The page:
The refugee crisis: a balancing act


3A Mstyslav ChernovWEBAuthor: nicholas giokas – contributor

I hate using ‘the middle road is the best one’ logic. However, when it comes to the debate surrounding the refugee crisis, I have to take that stance. You see, the issue is that people are either refusing to see the ‘forest for the trees’ or the ‘trees for the forest.’ In other words, the focus of people’s viewpoints are either getting too narrow or too broad. On the one hand, people are too focused on the issue of Syrian and Iraqi refugees, that they refuse to acknowledge how this shapes and is shaped by the wider immigration debate. On the other are those that are taking a universal viewpoint, looking at immigration as either net good or bad overall, while ignoring the differences that context makes.

First off, let’s look at the narrow focus on the refugee crisis. Those on both sides of the debate are looking at this case from the point of view that it is the ethical merits of accepting these refugees that need to be tested. From the left, you hear calls for compassion and from the right, calls for caution. This is a necessary debate in any nation. How do we balance compassion for our fellow man and security for our citizens? The issue is that nothing will be decided by taking this format. It quickly devolves into accusations of heartlessness from the left and fecklessness from the right. The discussion that needs to happen is one where we broaden the overall scope of the debate and establish where the baseline is. Now, facts dictate that immigration is an overall long term good. The populist left and right will dispute this assertion. The problem is that, again, they’re looking too narrowly at the issue, going case by case. But if we establish our logical baseline by looking at immigration overall, we see that it boosts GDP, stabilizes population growth, and creates diversity which fuels innovation and growth. In a broad sense, immigration can be an economic and social benefit.

Now the discussion becomes one centered on the issues of ‘how much’ and ’what kind’ rather than immediately jumping to case study. Now, when we say ‘how much’ today we already know that things like quotas on visas and citizenship make things needlessly inefficient and ineffectual. So, we need to keep the system dynamic by relying on a general framework. The thing is that the country being immigrated to has to have enough of an understanding of the immigrant. I’ve personally dealt with this with the PRC’s visa system recently. Essentially, the state has to know who you are and whether you carry any potential risks. They also have to be able to loosely verify your status with your visa or path to citizenship. Now, this is where we can start to reach consensus from both sides. The system has to be able to effectively ensure that ‘bad eggs’ can be swiftly deported and that there isn’t too much burden placed on the forms of government in charge of immigration. So, now we can start discussion over the Syrian refugees in a more effective way. Essentially, how inefficient are we willing to let the overall system be due to a sudden surge of people? Furthermore, where do we focus the remaining efficiency? Do we focus on integration of the surge of immigrants or on vetting them? Of course, none of this is zero-sum, but it’s a far more productive discussion than simply slinging mud.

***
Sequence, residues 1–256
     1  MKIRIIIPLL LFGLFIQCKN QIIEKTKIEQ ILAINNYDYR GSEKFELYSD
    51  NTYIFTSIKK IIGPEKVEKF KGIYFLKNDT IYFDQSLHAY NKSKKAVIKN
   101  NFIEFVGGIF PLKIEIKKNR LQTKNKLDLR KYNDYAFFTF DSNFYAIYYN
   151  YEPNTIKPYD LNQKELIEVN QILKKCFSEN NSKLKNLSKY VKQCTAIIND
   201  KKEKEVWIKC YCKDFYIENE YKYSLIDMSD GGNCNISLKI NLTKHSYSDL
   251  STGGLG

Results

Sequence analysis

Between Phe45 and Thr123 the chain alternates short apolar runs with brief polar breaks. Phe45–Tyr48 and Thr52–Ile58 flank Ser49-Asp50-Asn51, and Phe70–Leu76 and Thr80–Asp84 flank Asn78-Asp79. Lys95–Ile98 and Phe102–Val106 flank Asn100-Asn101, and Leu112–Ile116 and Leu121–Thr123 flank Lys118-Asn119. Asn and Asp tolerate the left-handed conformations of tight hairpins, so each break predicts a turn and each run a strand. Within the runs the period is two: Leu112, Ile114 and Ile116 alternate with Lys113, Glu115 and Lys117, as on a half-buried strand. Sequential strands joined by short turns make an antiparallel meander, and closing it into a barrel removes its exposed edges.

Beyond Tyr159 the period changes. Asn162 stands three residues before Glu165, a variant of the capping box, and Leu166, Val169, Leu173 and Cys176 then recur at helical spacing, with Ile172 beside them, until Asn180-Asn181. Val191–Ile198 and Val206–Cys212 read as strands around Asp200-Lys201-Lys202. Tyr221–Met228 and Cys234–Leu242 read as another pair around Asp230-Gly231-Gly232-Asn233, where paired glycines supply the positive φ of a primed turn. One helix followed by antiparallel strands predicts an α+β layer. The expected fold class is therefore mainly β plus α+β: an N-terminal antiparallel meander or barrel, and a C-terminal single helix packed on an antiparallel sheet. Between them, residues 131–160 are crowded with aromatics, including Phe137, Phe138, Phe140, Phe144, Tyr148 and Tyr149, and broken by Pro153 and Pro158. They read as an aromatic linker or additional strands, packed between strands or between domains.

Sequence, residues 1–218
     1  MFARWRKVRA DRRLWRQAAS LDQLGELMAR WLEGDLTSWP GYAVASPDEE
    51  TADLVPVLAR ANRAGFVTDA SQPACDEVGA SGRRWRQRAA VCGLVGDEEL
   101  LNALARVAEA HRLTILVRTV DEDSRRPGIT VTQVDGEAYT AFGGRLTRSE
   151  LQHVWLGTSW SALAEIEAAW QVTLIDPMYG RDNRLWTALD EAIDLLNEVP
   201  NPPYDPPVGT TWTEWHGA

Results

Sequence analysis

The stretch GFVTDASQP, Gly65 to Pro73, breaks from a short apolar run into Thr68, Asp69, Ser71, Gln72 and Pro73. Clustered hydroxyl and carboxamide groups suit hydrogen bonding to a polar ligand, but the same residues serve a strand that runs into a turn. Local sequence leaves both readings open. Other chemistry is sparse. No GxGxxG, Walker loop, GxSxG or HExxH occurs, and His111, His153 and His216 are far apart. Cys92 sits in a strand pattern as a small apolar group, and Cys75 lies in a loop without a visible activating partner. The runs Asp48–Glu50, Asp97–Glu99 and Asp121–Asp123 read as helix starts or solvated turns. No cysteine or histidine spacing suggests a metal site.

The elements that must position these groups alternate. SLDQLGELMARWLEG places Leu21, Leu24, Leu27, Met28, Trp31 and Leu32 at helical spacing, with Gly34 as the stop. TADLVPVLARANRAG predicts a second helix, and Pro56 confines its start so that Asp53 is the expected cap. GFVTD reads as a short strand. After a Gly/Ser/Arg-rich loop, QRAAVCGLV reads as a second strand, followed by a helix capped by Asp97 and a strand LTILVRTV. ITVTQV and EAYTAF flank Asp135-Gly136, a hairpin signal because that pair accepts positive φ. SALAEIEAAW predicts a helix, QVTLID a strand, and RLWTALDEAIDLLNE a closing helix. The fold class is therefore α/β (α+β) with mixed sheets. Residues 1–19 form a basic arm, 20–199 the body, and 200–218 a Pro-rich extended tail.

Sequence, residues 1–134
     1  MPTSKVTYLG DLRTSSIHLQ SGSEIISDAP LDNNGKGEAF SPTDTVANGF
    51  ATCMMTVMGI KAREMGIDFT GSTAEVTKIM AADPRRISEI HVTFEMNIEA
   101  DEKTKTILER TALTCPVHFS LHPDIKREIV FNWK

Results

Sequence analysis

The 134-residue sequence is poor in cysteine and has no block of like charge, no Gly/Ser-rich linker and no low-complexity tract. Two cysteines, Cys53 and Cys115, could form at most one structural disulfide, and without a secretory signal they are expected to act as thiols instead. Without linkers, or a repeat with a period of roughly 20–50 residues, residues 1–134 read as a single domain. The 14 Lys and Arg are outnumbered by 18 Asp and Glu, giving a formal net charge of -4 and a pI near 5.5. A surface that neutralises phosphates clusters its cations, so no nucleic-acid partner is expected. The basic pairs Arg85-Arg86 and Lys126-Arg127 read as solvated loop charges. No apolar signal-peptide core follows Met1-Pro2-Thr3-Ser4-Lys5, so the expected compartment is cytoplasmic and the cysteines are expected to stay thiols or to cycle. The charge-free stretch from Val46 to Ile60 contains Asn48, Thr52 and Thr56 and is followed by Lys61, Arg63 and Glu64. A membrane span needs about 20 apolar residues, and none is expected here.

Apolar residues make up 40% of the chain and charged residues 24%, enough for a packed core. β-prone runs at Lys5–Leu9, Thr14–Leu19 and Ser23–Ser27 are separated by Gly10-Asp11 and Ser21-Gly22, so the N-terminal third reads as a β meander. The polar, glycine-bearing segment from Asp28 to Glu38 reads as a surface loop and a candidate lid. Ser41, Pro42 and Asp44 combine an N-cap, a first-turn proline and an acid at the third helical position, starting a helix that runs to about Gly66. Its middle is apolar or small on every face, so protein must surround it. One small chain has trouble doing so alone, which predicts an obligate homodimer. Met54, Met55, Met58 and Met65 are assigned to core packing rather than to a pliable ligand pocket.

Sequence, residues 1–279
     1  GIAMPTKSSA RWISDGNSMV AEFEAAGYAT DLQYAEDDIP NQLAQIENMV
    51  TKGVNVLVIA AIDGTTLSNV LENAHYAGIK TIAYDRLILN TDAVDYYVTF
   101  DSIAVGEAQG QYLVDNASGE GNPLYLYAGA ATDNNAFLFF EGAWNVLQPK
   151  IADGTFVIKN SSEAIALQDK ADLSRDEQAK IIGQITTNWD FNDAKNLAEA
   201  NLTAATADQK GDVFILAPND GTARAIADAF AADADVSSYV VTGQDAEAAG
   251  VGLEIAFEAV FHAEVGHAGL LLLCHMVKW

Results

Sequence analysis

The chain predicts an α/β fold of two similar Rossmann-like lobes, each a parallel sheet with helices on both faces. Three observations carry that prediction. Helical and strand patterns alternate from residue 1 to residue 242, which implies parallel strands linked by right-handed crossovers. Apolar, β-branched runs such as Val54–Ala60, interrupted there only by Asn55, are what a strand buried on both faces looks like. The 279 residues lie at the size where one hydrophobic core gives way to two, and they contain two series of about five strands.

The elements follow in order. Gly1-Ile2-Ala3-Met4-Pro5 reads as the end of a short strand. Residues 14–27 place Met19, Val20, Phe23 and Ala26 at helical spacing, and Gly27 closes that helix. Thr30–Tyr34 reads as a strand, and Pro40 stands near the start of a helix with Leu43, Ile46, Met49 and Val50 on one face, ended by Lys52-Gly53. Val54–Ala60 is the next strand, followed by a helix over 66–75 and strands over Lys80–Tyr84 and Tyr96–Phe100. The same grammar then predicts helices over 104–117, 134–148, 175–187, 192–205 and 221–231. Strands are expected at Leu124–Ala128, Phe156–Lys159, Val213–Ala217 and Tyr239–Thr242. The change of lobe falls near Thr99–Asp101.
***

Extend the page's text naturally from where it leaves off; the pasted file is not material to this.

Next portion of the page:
Of course, I’d be remiss if I focused the discussion firmly on the immigration system. A wider view is good and all, but there needs to be emphasis on the facts as well. With discussion of the Syrian refugees, it’s important to note that Greece isn’t France, which isn’t Canada. It’s nice to generalize the debate, but one has to realize that different national contexts matter a great deal. The refugee discussion is different in Europe than it is in Canada, because in Canada, as much as we like to talk about multiculturalism, we’re fairly homogenous. The refugee debate in Europe is more focused on shifts in demographics affecting social dynamics than it is in Canada, where it’s more centered on generalized moral responsibility. It’s also important to note that some nations are bearing the burden far more than others. So, I return to the question of efficiency I stated before: how do we guarantee Pareto Efficiency among all the concerned parties and what is the best way to get there? Furthermore, how do we quantify Pareto Efficiency in the context of social values? Well, first off, it is necessary for richer countries to take on more refugees than poorer ones. However, it’s also important to make sure that the demographic shifts are balanced enough so that the identity of the nation down to the locality is not overly effected. This means that the threshold would, in some ways, be higher for some parts of the Muslim world vis-à-vis more homogenous parts of Europe.

Now, this op-ed may seem a tad detached or cold in its arguments, but I think it’s absolutely vital that these kinds of arguments are brought up in the context of political debate. See, the biggest failing in political discourse is that ‘winning’ the argument at any cost is almost always valued more than reaching consensus or a conclusion, even when it means polarization and entrenchment. I’ll admit, I fall victim to this more often than I’d like. But, it’s important that we attempt to balance out the political discussion and refuse to do the easy thing by falling back on snappy one-liners. In the context of the refugee crisis, and the overall immigration debate, people’s lives are the subject of discussion, so we should respect that.

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